Tahoe Wellness Cooperative temporarily shuts doors after state denies license
After being denied a state license that would allow Tahoe Wellness Cooperative to operate as a for-profit business, South Lake Tahoe’s lone medical marijuana dispensary shut its doors — then reopened them just a day later.
It’s a confusing turn of events that began on Dec. 31 when TWC executive director Cody Bass announced on Facebook that the dispensary had received its Medicinal Microbusiness Temporary License from the California Bureau of Cannabis Control.
However, a week later TWC received a letter from the bureau dated Jan. 5 telling the dispensary that after review of the application and supporting documentation, the temporary license was invalid because they “have not been authorized by the local jurisdiction to conduct the commercial cannabis activity for which you have applied.”
“The local government did not want to permit Tahoe Wellness to operate as a state-licensed microbusiness, so we could not issue the license. Local governments control this process,” said Alex Traverso, spokesman for the bureau. “If Tahoe Wellness wanted to remain a cooperative, they can. But when they applied for a state license, that meant they wanted to start operating on a for-profit basis.”
TWC operates as a nonprofit as is mandated by city code for medical marijuana dispensaries.
However, the dispensary made the decision to shut its doors on Jan. 7, and a dozen protesters carrying signs with messages like “Protect your right to safe access!” and “Call City Council!” took to the sidewalk along U.S. 50 near TWC.
“There’s a great deal of confusion as we make this transition to a dual system of state and local licensing,” said James Anthony, attorney for TWC. “That nonprofit requirement has never been clear… Tahoe Wellness has always operated as nonprofit. Their application to the state, in my opinion, does not mean that has changed. It’s still a nonprofit cooperative.”
“Our understanding is that as of Jan. 1 to operate in the state of California, you require a state license and if you don’t have one you’re arguably operating out of compliance with these regulations,” continued Anthony. “It has since been clarified sufficiently that we can continue operating at this point.”
It is unclear if TWC will reapply for the state license.
Anthony claimed that denial of the state license was due to the city incorrectly informing the bureau that TWC did not have a permit to operate. TWC and the city are currently in a legal battle over the validity of the dispensary’s permit renewal, which was deemed incomplete because the landlord of the Bijou Center refused to give written consent on the form despite a long-term lease. An El Dorado County judge issued a stay, allowing TWC to remain open without city interference pending a court decision on the permit.
A court also is working to decide if TWC is the rightful owner of the shopping center after the landlord backed out of the purchase agreement and subsequently declared and was denied bankruptcy.
The city maintains that TWC’s decision to close was purely voluntary.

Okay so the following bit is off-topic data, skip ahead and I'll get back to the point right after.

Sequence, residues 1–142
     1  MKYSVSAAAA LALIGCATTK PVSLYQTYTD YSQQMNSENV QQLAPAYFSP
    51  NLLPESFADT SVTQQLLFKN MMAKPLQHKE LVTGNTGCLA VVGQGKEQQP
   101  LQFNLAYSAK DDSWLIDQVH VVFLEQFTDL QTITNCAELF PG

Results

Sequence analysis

“We did not tell them to close. We made that clear,” said City Manager Nancy Kerry.
“After the state issued the license, the city informed the state that there was no local license to operate. They have a court-ordered stay in place which prohibits the city from taking any action or enforcing the closure or the ceasing of operations by Tahoe Wellness Cooperative,” added City Attorney Nira Doherty.
As of Monday evening, the dispensary was once again open for card-carrying members to purchase medicinal cannabis — and for registered voters to sign a petition that seeks to rewrite South Lake Tahoe’s medical marijuana ordinance.
The proposed changes to the medical marijuana ordinance allow the sale of recreational cannabis at medical marijuana dispensaries in South Lake Tahoe. The petition also gives medical marijuana dispensaries vested rights and allows them to cultivate marijuana, operate a distribution center within any industrial zone, and provide delivery services. The petition needs 1,036 signatures — 10 percent of the South Lake Tahoe voter base — to get the measure on the ballot.
TWC’s Anthony said any claims that the closure was an attempt to drum up support for the ballot measure are “absurd.”
“The very mission of Tahoe Wellness Cooperative is not only to provide cannabis to medical patients but a community gathering space. It was not lightly that they reneged on their mission,” he said.
Meanwhile the expiration date for the 45-day temporary ban of recreational retail sales, cultivation, edible production and testing is fast approaching. City Council approved the ban on Dec. 12 to allow time for a subcommittee to construct regulations for the new industry. They are expected to extend it for the allowed 10 months and 15 days at the Jan. 23 council meeting. The ban can be ended prior to that, however.
City councilmember and subcommittee member Tom Davis said he has no plans to ban the sale of recreational cannabis.
“…our local voters by 64 percent said they want recreational marijuana, so for me as a lawmaker that’s a mandate,” Davis previously told the Tribune.